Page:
A simple urine test can more than halve the number of cystoscopies necessary to follow up high-risk bladder cancer patients, new research has found.

The first time a urine biomarker test has been assessed in a randomised interventional controlled trial

Cystoscopies involve inserting a flexible probe through the urethra into the bladder, which allows a clinician to look at the bladder lining for signs of cancer. While they are predominantly safe procedures, cystoscopies do incur some risk of urinary infections and bleeding. They can also cause pain and discomfort.

Initial results from a two-year study, presented today [6 April 2024] at the European Association of Urology Congress in Paris, suggest that there is also no increased risk of recurrence in patients who had a urine biomarker test rather than a standard flexible cystoscopy. Full results on this aspect of the trial are expected in the summer.

The study was carried out in Denmark, where post-surgical follow up for high-risk bladder cancer recommends cystoscopies every four months for two years. In the UK, patients undergo even more frequent cystoscopies: every three months for two years.

High-risk patients with the most aggressive form of bladder cancer have a 60-70% likelihood of cancer returning within 5 years post-surgery, which is why follow up for these patients is so intensive.

The new research is the first time a urine biomarker test has been assessed in a randomised interventional controlled trial with high-risk patients. This trial design allowed the researchers to assess whether the test could reduce the number of cystoscopies patients had to undergo, as well as picking up any signs of returning cancer. Previous studies have only assessed biomarker tests observationally, adding the biomarker tests to existing standard of care.

Thomas Dreyer, a researcher at the Bladder Cancer Research Team, Dept of Urology, Aarhus University Hospital, who carried out the study for his PhD, explains: “There have been lots of studies of urine biomarker tests showing positive results, but no randomised trial to show what the impact would actually be in the clinic. We were confident the test was sensitive enough to not provide false negatives that put patients at risk. But would it provide false positives and actually result in equal or even higher numbers of cystoscopies being carried out? Our findings show that wasn’t the case.”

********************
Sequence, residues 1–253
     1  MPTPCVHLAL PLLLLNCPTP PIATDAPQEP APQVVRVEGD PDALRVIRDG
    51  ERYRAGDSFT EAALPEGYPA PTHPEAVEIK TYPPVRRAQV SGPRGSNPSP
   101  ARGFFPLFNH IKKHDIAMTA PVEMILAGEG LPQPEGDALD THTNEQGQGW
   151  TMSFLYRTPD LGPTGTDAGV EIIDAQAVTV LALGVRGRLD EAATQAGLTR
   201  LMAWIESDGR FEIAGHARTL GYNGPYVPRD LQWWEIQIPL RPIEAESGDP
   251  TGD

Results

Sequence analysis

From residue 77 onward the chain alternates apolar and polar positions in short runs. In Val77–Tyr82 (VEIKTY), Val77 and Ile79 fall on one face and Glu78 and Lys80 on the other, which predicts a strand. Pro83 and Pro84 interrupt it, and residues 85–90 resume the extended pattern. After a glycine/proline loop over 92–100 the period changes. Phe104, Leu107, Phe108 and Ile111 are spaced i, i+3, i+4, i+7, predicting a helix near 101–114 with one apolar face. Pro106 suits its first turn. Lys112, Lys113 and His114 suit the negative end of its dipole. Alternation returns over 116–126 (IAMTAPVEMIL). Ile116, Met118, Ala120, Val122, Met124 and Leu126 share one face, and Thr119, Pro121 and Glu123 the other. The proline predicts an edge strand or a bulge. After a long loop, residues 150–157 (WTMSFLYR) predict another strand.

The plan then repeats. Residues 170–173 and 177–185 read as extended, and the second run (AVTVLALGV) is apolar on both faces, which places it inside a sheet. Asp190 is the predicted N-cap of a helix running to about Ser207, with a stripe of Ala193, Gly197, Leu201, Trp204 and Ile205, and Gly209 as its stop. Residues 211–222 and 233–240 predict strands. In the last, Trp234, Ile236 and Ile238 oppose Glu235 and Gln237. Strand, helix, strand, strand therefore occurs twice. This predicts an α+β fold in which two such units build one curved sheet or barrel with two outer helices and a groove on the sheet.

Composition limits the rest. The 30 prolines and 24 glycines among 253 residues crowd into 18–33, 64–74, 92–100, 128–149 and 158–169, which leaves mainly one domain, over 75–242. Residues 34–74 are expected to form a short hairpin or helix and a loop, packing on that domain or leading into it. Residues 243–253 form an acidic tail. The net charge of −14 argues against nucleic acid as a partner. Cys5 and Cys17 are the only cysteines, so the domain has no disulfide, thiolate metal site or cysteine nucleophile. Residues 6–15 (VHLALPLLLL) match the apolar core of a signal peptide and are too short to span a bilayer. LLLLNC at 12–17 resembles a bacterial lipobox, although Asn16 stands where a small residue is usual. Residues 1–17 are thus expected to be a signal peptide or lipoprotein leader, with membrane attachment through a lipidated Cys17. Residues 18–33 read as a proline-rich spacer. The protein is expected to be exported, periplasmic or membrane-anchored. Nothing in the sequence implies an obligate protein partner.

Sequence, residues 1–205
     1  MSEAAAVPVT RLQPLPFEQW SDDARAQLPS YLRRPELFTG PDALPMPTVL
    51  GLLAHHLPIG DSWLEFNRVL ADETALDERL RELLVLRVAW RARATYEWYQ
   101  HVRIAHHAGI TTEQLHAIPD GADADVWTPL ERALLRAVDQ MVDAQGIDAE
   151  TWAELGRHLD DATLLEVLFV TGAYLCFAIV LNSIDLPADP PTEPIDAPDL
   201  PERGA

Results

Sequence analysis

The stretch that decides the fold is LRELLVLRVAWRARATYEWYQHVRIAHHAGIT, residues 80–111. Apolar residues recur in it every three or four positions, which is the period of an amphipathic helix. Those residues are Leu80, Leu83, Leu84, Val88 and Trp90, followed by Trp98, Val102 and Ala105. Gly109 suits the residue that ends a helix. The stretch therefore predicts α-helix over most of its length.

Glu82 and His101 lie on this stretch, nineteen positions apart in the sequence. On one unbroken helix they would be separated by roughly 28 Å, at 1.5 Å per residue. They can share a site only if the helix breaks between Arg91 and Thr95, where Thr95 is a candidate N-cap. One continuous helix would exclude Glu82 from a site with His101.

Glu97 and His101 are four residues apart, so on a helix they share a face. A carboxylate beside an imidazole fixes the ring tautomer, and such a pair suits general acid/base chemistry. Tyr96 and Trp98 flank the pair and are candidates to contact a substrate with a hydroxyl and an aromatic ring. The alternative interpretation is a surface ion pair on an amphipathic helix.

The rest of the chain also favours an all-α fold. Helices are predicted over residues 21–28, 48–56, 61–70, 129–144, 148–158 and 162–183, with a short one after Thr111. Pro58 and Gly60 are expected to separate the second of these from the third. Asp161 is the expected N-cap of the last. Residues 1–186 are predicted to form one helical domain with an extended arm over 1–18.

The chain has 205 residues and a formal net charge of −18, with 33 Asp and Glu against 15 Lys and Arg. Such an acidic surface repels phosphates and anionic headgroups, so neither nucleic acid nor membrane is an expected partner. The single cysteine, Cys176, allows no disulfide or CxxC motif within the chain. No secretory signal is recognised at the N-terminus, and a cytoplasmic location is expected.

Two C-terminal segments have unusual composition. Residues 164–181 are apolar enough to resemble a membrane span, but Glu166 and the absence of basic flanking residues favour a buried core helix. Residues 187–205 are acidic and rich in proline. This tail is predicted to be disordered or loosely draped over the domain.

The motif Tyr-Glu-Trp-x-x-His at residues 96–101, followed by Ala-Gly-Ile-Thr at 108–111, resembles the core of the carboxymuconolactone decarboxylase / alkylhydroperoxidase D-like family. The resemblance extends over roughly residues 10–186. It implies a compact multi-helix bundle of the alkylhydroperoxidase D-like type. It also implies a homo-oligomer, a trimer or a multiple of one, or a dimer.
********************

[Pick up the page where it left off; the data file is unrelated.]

The researchers, from Aarhus University Hospital in Denmark, recruited 313 patients. Half were randomised to receive the standard three cystoscopies per year. The other half were randomised to receive just one cystoscopy per year, with their remaining two follow up cystoscopies replaced with the Xpert® Bladder Cancer Monitor test, a urine biomarker test. The test monitors for recurrence of bladder cancer by measuring levels of five target mRNAs, or genetic markers. The researchers chose to trial this particular biomarker test as it had previously shown promising results in high-risk bladder cancer patients.

Any patients who received a positive result on their urine test were called into hospital for a cystoscopy to check for evidence of the cancer returning. The urologists undertaking the cystoscopy were aware of the positive result, as they would be in normal practice.

After two years, for patients receiving primarily the urine test, just under 44% of follow up appointments involved a cystoscopy, compared to nearly 100% in those receiving standard treatment.

The researchers also found strong evidence that the urine test could pick up cancer recurrence before any disease was visible through the cystoscopy. For more than half of the patients who had a ‘false positive’ test – that is, the biomarker test showed positive but the cystoscopy was clear – the researchers found evidence of recurrence at a later visit.

“We know that many patients really dread their cystoscopy appointments, but are prepared to go through with them because they want to be sure they are free of the cancer,” said Thomas Dreyer. “However, if given the option of providing a urine sample instead of undergoing an uncomfortable medical procedure, most would choose that, so long as they were confident that it was just as effective.”

Joost Boormans, Professor of Urology at Erasmus University Medical Centre in Rotterdam and member of the EAU Scientific Congress Office said: “We know as urologists, we carry out too many cystoscopies, particularly during follow up of patients with non-muscle-invasive bladder cancer, so we need to find alternatives. Bladder cancer is a disease that particularly affects the elderly, and we foresee an increasing number of patients due to the ageing population, which could impact on the numbers able to access care.”

“This trial shows us a possible means of reducing cystoscopies. If the final results later this year do confirm that the urine test can pick up cancer recurrence as effectively as cystoscopies, then this is something we need to look at introducing into clinical practice as soon as possible, because it reduces demand on our resources and helps to make healthcare more accessible.”

The trial was funded by Cepheid, the company who make the Xpert® Bladder Cancer Monitor, but the trial was independently conceived and designed by the team at Aarhus University.